OUHSD students prep for college at Higher Education event

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© Tiffany israel/OUHSD
A student questions a recruiter at the Higher Education Family Event's College Fair. © Tiffany israel/OUHSD
It’s never too early to think about college. Keep your grades up. Avoid “Senioritis.” Do not miss application deadlines. Apply for as many scholarships as you can. Don’t be shy – ask questions.

Those were messages stressed repeatedly to about 500 high school students – and their parents – who attended the Oxnard Union High School District’s second annual Higher Education Family Event held Oct. 20 at the Oxnard Performing Arts Convention Center.

“When it comes to college, it’s all about being prepared,” said Hilda Gomez, OUHSD’s Parent Liaison, a member of a districtwide committee that helped organize the event with assistance from UC Santa Barbara’s Early Academic Outreach Program.

Guest speakers included Britt Ortiz, Director of UCSB’s EAO Program, Oxnard College President Richard Duran and Bill Dabbs, OUHSD’s Assistant Superintendent of Educational Services, who implored students and parents to keep the lines of communication open during the college application and selection process.

“They may want to go college 1,000 miles away and you may want them to stay within 50 miles,” Dabbs said, “so this is a discussion you have to have.”

But, in the end, Dabbs told the parents, “It’s really isn’t about us. Once they’re in college they’re on their own, so you have to be comfortable with the choices you make. And they need your support.”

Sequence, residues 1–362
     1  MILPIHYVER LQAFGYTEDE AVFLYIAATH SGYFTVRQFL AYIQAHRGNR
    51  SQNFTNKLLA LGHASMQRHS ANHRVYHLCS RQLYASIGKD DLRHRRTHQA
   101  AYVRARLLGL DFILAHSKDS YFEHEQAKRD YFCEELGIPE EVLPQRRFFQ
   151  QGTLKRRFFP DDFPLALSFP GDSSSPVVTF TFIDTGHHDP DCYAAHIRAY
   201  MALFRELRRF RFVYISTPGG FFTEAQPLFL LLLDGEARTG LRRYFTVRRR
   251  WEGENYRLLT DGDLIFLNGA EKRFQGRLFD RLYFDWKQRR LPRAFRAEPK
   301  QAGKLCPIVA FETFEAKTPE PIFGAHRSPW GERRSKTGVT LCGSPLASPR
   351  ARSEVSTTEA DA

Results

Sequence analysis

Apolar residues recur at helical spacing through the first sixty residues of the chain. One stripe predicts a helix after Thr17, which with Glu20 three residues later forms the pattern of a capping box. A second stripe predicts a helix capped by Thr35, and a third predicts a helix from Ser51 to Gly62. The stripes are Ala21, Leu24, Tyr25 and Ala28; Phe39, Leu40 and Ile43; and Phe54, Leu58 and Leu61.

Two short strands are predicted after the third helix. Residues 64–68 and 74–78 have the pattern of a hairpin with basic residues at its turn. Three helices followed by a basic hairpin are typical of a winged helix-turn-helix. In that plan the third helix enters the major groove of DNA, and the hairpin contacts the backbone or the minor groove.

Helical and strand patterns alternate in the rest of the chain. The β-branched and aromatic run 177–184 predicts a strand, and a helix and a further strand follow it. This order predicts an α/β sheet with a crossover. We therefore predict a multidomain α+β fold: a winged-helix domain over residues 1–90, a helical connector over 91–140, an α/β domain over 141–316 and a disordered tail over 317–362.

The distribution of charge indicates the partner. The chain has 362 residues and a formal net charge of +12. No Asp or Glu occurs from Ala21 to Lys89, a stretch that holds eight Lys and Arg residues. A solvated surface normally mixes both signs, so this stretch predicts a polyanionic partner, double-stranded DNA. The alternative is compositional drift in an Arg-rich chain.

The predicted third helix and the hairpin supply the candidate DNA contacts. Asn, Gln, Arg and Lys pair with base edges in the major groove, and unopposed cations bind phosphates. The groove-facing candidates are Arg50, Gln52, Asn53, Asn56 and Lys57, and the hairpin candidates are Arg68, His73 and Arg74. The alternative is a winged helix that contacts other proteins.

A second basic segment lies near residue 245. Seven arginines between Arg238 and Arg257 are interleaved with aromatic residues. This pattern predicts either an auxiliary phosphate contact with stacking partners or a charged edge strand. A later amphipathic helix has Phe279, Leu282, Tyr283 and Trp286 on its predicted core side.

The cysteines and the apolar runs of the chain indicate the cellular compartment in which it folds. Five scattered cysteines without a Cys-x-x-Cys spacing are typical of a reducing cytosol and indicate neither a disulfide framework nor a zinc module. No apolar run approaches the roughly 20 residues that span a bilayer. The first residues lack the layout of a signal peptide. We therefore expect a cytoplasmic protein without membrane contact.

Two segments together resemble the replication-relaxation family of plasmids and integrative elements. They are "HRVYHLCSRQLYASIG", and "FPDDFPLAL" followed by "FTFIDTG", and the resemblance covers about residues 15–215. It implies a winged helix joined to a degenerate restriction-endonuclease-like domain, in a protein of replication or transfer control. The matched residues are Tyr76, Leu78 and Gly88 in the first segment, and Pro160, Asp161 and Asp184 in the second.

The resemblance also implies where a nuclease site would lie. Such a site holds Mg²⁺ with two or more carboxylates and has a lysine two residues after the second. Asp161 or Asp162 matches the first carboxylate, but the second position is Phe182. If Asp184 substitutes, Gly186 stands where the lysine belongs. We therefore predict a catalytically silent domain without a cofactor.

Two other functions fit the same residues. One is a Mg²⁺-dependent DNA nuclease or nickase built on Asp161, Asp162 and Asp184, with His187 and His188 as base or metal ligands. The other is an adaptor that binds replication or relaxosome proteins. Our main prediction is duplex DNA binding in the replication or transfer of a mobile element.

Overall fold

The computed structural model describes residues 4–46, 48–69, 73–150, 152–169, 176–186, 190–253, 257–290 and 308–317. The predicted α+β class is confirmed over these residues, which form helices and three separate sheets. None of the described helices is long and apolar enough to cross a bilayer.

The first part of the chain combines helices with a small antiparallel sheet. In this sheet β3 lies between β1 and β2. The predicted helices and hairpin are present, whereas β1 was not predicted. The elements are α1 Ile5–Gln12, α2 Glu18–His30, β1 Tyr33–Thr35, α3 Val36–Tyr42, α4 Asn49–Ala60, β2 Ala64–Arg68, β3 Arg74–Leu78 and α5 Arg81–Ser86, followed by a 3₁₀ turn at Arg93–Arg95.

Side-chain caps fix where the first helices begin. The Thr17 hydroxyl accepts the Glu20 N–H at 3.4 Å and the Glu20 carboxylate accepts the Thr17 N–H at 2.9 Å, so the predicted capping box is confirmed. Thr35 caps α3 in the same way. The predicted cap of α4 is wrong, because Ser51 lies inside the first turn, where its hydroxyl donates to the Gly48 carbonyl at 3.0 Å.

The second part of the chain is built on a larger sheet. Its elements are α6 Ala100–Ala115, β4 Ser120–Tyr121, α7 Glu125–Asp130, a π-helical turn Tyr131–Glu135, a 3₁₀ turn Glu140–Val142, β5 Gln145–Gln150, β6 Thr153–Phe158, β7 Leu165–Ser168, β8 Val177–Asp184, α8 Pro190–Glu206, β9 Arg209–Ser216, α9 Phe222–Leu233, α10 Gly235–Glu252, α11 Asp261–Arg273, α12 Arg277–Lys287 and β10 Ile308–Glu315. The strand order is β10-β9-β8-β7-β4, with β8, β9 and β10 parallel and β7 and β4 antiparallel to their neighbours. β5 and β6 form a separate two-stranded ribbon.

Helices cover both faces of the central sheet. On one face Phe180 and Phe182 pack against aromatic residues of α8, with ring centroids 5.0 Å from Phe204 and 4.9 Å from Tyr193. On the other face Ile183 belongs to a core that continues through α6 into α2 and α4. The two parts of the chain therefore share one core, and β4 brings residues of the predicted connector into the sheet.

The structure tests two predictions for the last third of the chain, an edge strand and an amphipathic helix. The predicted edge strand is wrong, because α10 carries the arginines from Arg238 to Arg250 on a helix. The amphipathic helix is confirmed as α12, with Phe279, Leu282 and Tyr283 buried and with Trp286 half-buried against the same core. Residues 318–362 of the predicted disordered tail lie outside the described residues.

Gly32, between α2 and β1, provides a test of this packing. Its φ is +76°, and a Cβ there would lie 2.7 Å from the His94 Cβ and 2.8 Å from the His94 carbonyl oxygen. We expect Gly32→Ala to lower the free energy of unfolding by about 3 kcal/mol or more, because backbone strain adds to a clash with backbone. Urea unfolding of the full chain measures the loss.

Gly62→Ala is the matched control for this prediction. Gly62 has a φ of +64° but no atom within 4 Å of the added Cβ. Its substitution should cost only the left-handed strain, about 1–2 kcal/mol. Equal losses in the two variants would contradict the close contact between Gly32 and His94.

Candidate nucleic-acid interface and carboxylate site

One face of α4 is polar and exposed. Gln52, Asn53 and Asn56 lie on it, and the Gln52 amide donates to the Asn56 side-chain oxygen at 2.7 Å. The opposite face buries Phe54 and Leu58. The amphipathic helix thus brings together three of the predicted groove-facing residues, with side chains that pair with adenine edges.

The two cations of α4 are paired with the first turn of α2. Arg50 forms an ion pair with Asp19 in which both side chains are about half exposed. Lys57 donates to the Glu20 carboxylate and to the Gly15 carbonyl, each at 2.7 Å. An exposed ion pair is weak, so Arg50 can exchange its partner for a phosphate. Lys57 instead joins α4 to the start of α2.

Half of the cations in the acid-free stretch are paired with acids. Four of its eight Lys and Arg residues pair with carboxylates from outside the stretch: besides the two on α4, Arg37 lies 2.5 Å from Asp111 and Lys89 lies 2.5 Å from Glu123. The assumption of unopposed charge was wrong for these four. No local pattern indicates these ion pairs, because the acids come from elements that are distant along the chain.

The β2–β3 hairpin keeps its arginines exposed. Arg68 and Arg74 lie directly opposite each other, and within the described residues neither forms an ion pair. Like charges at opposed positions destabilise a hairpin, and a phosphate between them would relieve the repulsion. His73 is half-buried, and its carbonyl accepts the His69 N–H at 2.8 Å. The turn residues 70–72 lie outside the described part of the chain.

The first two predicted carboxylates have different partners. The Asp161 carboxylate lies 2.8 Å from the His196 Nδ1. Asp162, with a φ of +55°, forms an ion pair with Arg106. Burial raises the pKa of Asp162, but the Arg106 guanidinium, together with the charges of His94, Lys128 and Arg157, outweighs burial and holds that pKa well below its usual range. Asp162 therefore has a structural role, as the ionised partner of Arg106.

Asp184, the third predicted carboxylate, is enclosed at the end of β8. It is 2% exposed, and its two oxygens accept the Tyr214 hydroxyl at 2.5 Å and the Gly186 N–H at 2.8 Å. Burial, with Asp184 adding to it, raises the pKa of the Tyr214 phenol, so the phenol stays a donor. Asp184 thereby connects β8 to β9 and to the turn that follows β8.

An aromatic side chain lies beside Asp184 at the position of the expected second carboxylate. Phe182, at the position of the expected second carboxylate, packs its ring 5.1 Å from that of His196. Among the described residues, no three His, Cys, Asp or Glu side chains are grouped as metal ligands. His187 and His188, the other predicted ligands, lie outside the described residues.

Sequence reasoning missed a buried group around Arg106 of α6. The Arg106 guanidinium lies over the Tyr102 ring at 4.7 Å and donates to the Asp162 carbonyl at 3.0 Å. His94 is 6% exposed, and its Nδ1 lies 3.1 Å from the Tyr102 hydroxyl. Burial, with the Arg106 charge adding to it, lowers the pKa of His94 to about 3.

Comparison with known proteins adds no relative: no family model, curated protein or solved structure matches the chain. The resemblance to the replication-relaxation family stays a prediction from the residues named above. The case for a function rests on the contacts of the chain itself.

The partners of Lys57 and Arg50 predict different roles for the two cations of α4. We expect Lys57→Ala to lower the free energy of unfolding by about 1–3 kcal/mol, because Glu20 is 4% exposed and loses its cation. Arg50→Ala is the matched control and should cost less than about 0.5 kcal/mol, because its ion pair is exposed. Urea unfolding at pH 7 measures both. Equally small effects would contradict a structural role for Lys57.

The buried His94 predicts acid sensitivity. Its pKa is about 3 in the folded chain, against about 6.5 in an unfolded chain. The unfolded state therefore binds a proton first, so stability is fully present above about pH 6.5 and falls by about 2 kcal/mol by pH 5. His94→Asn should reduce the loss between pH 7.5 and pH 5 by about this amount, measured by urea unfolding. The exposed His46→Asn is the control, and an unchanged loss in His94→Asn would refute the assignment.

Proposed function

During hour-long presentations – one made in English and one made in Spanish – students and parents learned about college admission requirements as well as financial aid and scholarship opportunities that are available to them. They also heard about special programs and services colleges offer.

A College Fair followed, with representatives from close to 20 colleges and universities on hand to provide information and answer questions about their schools. Area schools like California State University Channel Islands, California Lutheran University and UC Santa Barbara had tables, but so did faraway schools like California State University Chico and Humboldt State University.

Stacie Lyans, a senior admissions counselor for Humboldt State, said she made the 700-mile trek from Arcata near the Oregon border because of the university’s strong push to attract more minority students.

“I tell students that if they want to experience something new and go to a school in an amazingly beautiful location, you can’t beat Humboldt State,” Lyans said.

In addition to traditional universities, there also were trade schools represented at the fair, including the Fashion Institute of Design & Merchandizing in Los Angeles and the NewSchool of Architecture & Design in San Diego.

“We’re looking for students who have art skills but don’t know what to do with them – you know, the ones that doodle in English class,” cracked Peter Evering, the school’s admissions field representative.

Celeste Bell, a senior at Pacifica High, stopped by Evering’s table and walked away impressed.

“I’m kind of interested in architecture, but I’m also thinking about being a teacher,” said Bell, who listed Long Beach State and Spelman College, a small liberal arts school in Atlanta, as other possible college destinations. “I’m all over the place, so that’s why I keep looking.”

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